Vegas, (just win) baby, Vegas!
The NFL owners have made it official, and the league is about to see its third move within two years. The Oakland Raiders will soon be no more, and the silver and black will have a new home in the shadow of Sin City’s sun scorched strip.
The vote came in at Monday’s owner’s meetings, and it was a relatively predictable outcome to anyone who has been following this story over the past few years. Raiders owner Mark Davis had made it clear that he was dissatisfied with the somewhat low rent status of the O.Co Coliseum, and made an attempt to move the team to Los Angeles back when the Rams’ bid to do so was accepted in early 2016.
Davis stated at the time that missing out on L.A. was “not a win for the Raiders,” and from then on the writing was very much on the wall that the team was likely to leave the Bay Area. Certain proposals that would allow for them to do so were put forward, but Davis didn't see any of them as genuinely viable. As a result, the black hole will be moving yet again under the Davis family.
Mark’s father Al, the legendary leading man of some of the more famed Raiders’ teams moved the franchise back and forth between L.A. and Oakland a few times, before finally settling them where they have been for the past 22 years in 1995. Regardless of how enticing an NFL team in Vegas might seem, it does need to be said that this is an unfortunate end to the relationship between the highly passionate Oakland fans and their beloved team.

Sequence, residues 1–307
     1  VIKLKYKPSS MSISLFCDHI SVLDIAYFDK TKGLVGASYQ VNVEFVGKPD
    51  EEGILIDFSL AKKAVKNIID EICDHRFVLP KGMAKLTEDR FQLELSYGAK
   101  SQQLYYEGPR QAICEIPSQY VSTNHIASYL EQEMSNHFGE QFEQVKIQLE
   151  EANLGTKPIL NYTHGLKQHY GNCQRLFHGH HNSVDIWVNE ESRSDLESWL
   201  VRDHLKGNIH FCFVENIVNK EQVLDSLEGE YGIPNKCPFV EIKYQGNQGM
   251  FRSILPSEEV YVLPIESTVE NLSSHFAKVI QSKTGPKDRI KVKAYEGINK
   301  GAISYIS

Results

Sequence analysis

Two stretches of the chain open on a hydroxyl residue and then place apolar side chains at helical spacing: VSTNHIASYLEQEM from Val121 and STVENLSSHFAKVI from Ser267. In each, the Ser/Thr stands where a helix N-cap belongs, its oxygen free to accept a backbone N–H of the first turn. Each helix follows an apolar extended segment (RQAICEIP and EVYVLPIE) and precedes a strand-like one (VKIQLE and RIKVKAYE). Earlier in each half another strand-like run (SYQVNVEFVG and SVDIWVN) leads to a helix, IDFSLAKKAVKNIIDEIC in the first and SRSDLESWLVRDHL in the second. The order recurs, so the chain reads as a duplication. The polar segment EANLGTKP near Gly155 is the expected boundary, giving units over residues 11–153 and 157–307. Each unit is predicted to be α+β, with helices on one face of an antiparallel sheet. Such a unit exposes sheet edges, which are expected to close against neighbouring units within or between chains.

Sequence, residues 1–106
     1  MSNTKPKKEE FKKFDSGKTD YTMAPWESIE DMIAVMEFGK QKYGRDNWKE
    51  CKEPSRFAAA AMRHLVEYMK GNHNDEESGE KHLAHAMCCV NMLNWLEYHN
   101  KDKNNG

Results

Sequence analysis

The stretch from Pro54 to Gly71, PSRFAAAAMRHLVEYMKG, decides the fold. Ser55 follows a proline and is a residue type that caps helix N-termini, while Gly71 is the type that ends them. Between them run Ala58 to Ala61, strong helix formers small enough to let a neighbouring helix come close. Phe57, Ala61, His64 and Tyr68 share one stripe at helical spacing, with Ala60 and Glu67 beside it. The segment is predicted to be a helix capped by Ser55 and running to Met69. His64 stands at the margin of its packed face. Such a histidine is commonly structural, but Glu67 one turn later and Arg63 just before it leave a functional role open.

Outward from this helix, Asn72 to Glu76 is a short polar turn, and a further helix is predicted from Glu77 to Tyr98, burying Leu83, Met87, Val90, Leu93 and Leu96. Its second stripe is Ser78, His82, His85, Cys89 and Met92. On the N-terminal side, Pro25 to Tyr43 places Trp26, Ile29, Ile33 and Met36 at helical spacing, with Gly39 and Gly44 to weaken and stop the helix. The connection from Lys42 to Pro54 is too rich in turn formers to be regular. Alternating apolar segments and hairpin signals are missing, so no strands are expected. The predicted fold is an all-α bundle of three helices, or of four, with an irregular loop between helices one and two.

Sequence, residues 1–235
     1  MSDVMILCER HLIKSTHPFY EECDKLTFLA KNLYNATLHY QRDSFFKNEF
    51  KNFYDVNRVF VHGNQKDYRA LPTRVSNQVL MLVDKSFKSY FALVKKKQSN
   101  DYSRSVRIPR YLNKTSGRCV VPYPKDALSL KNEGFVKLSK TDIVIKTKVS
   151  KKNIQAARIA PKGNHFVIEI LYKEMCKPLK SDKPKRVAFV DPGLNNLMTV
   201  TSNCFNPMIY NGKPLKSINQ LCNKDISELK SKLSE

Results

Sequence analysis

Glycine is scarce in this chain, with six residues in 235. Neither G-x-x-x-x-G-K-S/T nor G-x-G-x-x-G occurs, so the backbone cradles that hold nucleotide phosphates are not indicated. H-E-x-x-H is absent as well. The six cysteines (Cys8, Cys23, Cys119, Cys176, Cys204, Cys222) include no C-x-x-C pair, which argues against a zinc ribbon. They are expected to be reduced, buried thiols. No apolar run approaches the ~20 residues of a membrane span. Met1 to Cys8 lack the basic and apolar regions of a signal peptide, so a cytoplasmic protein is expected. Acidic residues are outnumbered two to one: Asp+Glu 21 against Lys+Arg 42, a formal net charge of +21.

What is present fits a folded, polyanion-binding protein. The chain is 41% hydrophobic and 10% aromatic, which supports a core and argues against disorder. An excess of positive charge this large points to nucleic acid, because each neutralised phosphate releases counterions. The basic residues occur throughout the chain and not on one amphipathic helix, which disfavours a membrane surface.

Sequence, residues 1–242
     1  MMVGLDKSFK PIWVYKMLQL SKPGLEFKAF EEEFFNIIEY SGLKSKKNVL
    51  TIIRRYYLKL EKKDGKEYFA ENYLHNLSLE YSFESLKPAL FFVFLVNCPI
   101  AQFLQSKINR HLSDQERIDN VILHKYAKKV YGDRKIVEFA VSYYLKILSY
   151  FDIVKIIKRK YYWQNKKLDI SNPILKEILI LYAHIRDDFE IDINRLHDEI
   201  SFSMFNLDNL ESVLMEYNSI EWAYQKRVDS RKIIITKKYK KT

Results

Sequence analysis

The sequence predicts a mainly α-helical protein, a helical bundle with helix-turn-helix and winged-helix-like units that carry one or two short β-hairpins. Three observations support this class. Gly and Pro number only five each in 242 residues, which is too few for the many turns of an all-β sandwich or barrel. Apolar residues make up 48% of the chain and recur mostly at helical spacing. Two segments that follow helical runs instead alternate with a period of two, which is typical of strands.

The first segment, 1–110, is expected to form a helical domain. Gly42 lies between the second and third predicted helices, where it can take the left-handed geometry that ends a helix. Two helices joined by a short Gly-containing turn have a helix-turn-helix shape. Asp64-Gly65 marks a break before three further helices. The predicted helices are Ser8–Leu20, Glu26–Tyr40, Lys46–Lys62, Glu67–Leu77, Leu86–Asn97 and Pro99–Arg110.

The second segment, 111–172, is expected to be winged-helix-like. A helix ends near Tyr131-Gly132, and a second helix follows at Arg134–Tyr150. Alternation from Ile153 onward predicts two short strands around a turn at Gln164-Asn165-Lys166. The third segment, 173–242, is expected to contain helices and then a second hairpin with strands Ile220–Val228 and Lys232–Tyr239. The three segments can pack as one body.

The move is especially rough when considering the timing, because despite their 2002 Super Bowl appearance, the Raiders have largely been a laughing stock since their return to Oakland. The fact that they are about to pull the plug on that experience just as they are seemingly set up for success for the next decade is almost cruel.
However, what is interesting about that is with a stadium still needing to be built to accommodate the team, the Raiders are expected to remain in Oakland for another year or two at least. It is unclear how this will work, as the players may be galvanized by a motivation to win a championship for the fans before they leave. Or the fans could completely (and understandably) turn their back on the franchise, which could totally take the wind out of their theoretical sails.
The last time something like this occurred, a 1995 Cleveland Browns team that had Super Bowl aspirations fell apart mid season, all culminating in a sad and sometimes violent goodbye (not that I'll ever complain about that). Regardless of whether something like that happens, it needs to be said that the Raiders and Las Vegas are an almost perfect match.
The renegade mentality of the organization should fit perfectly with a city devoted almost entirely to base human instincts, and the transient nature of it’s citizenship fits well with a franchise that has struggled to find a home over the years. We’ll see how in fact this plays out in the field over the years, but for now this partnership is a pretty interesting proposition.